We made it back to my old truck safe and sound but after fixing the fuse in the morning there were a few unwanted engine events during the day. The coil connection broke a few minutes out the bay and the starter motor wore out a cog in the evening. All easily fixable when I get a chance.

Tight lines and happy boating! Ronan..

Mike Wilkinson’s reports from the same day are below! Interesting to see his take on the day compared to mine. You’ll have to cut and paste the links because I cant highlight them.

1. http://evolutionofaflyfisher.wordpress.com/2012/09/17/boat-fishing-with-ronan-always-an-adventure/

2.http://evolutionofaflyfisher.wordpress.com/2012/09/18/part-ii-boat-adventures/

Getting bogged, catching fish, exploring, living…

August 19th, 2012 No comments

Next weekend I only have Sunday to fish so I made the most of this one. I would have anyway of course! I got out for 2 hours on Friday evening on Dunstan. I had a few events and one I converted into a landed fish. It looks as though the browns are starting to put on some condition.

Saturday I fished alone. I went back to the spot that’s been treating me so well lately and once again it didn’t disappoint. I put the boat in but due to the lake still dropping and incredibly low I could not submerge the trailer. I thought after I left the boat on anchor to find a spot where I could submerge the trailer to make it easy to get the boat out again at the end of the day. This turned out to be a bad idea as I got bogged and lost the first hour and 20minutes of the day digging the truck out.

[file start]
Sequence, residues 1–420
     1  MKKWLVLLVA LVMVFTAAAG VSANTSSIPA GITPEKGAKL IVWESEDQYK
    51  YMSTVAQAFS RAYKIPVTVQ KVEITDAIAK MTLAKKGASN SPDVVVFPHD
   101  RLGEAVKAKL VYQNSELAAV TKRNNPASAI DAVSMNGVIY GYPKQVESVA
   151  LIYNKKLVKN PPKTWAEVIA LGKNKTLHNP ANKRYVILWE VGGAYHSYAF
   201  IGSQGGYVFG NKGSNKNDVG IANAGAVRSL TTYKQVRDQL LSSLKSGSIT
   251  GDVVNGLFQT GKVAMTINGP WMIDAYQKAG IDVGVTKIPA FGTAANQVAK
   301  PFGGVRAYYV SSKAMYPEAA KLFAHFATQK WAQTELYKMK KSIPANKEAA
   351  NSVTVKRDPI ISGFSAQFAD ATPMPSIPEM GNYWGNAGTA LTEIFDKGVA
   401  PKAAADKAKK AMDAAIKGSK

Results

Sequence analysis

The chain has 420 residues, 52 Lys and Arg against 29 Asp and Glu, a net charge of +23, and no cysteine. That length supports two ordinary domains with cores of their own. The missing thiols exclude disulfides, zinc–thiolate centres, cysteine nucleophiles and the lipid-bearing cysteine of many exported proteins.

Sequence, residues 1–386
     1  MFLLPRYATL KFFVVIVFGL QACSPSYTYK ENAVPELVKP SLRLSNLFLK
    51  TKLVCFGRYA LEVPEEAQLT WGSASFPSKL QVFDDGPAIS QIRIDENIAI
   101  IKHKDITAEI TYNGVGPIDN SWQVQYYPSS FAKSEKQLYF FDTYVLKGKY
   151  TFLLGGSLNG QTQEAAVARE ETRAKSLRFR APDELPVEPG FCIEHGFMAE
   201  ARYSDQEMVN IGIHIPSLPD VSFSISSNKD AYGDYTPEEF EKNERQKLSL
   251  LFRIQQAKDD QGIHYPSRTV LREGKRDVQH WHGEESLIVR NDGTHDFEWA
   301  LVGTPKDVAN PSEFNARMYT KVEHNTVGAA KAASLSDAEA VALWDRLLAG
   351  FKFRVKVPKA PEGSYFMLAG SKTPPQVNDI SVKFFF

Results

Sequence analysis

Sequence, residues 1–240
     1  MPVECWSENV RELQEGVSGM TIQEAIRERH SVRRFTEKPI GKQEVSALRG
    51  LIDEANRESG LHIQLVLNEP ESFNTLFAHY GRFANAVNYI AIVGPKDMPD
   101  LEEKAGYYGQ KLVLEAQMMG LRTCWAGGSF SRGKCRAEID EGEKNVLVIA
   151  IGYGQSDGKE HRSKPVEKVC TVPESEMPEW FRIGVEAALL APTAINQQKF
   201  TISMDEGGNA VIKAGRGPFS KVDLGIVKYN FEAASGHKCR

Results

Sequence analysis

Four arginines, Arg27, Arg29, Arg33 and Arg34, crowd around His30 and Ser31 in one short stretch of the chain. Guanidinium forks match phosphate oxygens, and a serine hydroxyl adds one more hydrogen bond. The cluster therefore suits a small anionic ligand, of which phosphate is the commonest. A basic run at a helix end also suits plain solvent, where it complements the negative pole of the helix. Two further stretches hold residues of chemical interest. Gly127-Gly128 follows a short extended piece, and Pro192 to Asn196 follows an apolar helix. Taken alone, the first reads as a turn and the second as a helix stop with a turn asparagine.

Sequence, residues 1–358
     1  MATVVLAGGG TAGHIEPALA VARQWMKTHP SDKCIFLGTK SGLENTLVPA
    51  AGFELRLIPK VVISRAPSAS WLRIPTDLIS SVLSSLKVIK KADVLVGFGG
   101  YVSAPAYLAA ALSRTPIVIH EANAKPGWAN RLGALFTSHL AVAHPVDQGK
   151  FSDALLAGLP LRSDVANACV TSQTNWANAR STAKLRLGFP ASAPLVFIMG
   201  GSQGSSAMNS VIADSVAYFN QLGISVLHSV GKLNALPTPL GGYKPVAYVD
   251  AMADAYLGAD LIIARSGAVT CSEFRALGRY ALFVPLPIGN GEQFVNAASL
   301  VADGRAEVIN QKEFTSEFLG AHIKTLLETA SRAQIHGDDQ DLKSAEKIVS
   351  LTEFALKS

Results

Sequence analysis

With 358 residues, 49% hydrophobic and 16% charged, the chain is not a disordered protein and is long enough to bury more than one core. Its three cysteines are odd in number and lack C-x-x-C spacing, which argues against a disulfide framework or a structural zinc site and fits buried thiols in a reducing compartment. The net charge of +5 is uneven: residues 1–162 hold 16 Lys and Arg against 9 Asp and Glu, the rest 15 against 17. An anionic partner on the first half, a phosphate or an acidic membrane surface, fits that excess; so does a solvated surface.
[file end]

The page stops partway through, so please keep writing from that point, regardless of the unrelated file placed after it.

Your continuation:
Once I was on the water my slow start was forgotten about. I was made eat my words a little during the fishing day, something that happens me quite regularly. 2 blogs ago I spoke about the takes from depth being certain and solid and having a 12 event day converted into 12 landed fish. Well on Saturday I converted about 20 events into 5 fish! I lost about 5 really good fish at the stage in the fight just before the fish gives in and slides into the net. It’s generally unusual to lose a fish after being hooked up solid for a few moments. One could dwell on ways to fix this, or wonder if one was at fault but statistically everything will happen eventually so the best thing to do about this unusual occurrence is nothing. Thanks John O Malley! After landing 17 out of 17 hooked pike one season, John assured me that statistics would even things up. He was right. I think I lost the next 17.

Today (Sunday 19th of August) I fished with Mike Wilkinson. I decided we should try some new water. It’s important to explore. If you don’t you won’t learn much. The main thing we learned today was not to go back, not that it was terrible, there’s just much better water available not too far away. The fishing was slow and difficult but we managed a few fish. Thinking hard and always making sure we were covering water with some feature or contrast made the difference. Boat fishing is not chuck and chance. I’m always 100% aware of the type and depth (within reason) of water I’m fishing over. Maximise on your fishing day by only fishing the best water. Local knowledge is not so important. It’s instinctive. Like a river a lake can be read.

Back to the necessary evil tomorrow. Tight lines all! Good fishing with you today Mike!

Ronan.. (CI, Joiner, Fishing host by appointment)

 

August on the Southern Lakes…